United States District Court, S.D. New York
OPINION AND ORDER
Wohlbach brings this action against Eric Ziady, Joseph N.
Shirley (collectively, the "Individual
Defendants"), and the University of Delaware ("the
University"), asserting several federal and state causes
of actions arising out of her employment as the head coach of
the women's softball team at the University. In the
instant motion, Defendants move to dismiss the amended
complaint ("Am. Compl") (Doc. 5) pursuant to
Federal Rules of Civil Procedure 12(b)(2) and (3). Doc. 17.
Wohlbach moves to transfer this case to the District of
Delaware pursuant to 28 U.S.C §§ 1404(a), 1406(a).
Doc. 20. For the reasons set forth below, Defendants'
motion to dismiss is GRANTED and Wohlbach's motion to
transfer venue is DENIED.
FACTUAL BACKGROUND 
times relevant to this dispute, Jamie Wohlbach was a Delaware
resident and was the head coach of the women's Softball
team at the University of Delaware. Am. Compl. ¶¶
6, 19. The University of Delaware operates exclusively in
Delaware and has no campuses in New York. Memorandum of Law
in Support of Defendants' Motion to Dismiss Plaintiffs
Amended Complaint ("Defs.' Mem.") (Doc. 18) at
1-2. At all times relevant to the amended complaint, Ziady
and Shirley were employees of the University. Id. at
alleges that during her employment, the University failed to
abide by the Title IX guidelines and discriminated against
her and the women's Softball team. Am. Compl. at 8,
9.Specifically, the University denied the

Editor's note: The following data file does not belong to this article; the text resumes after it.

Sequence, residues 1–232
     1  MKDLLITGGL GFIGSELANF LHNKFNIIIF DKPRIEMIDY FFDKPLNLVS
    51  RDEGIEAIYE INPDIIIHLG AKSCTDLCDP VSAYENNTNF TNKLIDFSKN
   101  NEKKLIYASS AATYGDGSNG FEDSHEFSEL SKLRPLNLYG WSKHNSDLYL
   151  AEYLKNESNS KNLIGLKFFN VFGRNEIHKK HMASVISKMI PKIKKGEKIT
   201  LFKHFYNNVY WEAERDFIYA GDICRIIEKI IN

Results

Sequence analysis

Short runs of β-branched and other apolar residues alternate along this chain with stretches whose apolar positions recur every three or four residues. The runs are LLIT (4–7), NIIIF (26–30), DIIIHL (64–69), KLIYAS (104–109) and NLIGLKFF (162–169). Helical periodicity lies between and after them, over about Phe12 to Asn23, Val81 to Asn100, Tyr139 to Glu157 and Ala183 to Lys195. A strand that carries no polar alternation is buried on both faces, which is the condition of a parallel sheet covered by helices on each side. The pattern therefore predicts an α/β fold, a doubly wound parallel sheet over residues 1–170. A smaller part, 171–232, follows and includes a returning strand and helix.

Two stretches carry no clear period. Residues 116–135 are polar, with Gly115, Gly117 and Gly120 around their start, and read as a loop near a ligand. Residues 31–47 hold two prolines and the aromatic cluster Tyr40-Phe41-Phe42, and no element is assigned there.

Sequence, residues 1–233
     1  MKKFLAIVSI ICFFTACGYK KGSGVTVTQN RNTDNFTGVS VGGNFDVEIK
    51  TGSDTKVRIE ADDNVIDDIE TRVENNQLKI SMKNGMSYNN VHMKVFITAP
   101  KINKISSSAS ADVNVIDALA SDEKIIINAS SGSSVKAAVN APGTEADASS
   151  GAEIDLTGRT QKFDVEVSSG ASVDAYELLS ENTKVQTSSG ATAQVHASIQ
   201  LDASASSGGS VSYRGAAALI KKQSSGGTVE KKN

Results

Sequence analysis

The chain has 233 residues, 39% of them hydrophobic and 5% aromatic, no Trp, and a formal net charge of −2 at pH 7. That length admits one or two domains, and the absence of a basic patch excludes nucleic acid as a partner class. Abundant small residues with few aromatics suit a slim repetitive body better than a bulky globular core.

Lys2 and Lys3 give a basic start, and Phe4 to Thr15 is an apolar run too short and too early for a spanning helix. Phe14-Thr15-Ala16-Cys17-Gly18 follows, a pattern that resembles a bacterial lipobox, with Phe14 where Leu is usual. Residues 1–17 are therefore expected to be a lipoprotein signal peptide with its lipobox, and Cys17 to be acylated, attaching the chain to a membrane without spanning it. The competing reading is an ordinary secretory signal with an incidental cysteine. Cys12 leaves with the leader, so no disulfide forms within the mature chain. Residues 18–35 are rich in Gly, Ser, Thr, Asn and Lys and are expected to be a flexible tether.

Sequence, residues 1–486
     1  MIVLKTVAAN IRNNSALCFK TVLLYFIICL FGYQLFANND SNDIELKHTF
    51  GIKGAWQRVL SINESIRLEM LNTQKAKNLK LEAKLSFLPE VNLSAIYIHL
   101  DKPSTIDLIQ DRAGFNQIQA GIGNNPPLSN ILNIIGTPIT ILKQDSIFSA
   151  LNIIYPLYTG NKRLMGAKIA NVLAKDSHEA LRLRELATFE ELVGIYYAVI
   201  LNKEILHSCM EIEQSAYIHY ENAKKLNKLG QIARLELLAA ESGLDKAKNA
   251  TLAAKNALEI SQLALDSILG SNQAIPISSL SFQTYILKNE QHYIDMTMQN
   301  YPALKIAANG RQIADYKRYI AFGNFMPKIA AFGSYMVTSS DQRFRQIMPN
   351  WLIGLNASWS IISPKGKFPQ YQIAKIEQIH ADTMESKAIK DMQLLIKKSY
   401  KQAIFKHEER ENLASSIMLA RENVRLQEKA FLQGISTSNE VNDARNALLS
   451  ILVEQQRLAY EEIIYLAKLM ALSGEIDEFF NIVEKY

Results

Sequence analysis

softball team the funding designated by the state of Delaware
for the program and applied it elsewhere. Id. at 9.
After Wohlbach complained about the misappropriation of this
funding, the Individual Defendants allegedly created a
hostile work environment and retaliated against her.
Id. ¶¶ 13, 16. The Individual Defendants
assigned her to ministerial duties, ostracized, mocked, and
ridiculed her, and solicited players' parents to complain
about her. Id. ¶¶ 13, 17. Wohlbach further
alleges that the University failed to compensate her for the
work performed and prevented her from taking assignments that
would have led to increased pay. Id. ¶ 28.
Wohlbach was paid less than the University's baseball
coach and her male successor as the softball coach.
Id. ¶¶ 14, 28. On July 31, 2015, the
University terminated Wohlbach's position as the head
coach of the women's softball team. Id. ¶
filed the complaint on July 31, 2017, see Compl.
(Doc. 1), and amended the complaint on October 30, 2017.
See Am. Compl. On February 12, 2018, Defendants
moved to dismiss the amended complaint pursuant to Rule
12(b)(2) and (3) of Federal Rules of Civil Procedure. Doc.
17. In response, Wohlbach moved to transfer the case to the
District of Delaware pursuant to 28 U.S.C §§
1404(a), 1406(a). Doc. 20.
Standards under Rules 12(b)(2) and (3)
legal standard for a motion to dismiss for improper venue is
the same as a motion to dismiss for lack of personal
jurisdiction." Casville Invs., Ltd. v. Kates,
12 Civ. 6968 (RA), 2013 WL 3465816, at *3 (S.D.N.Y. July 8,
2013) (citing Gulf Ins. Co. v. Glasbrenner, 417 F.3d
353, 355 (2d Cir. 2005)). "When a defendant challenges